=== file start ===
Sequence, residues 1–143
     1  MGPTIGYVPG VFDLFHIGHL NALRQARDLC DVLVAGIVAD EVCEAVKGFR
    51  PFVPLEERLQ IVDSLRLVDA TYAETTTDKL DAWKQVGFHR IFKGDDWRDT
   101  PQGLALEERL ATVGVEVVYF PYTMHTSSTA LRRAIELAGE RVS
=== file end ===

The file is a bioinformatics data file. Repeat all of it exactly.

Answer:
Sequence, residues 1–143
     1  MGPTIGYVPG VFDLFHIGHL NALRQARDLC DVLVAGIVAD EVCEAVKGFR
    51  PFVPLEERLQ IVDSLRLVDA TYAETTTDKL DAWKQVGFHR IFKGDDWRDT
   101  PQGLALEERL ATVGVEVVYF PYTMHTSSTA LRRAIELAGE RVS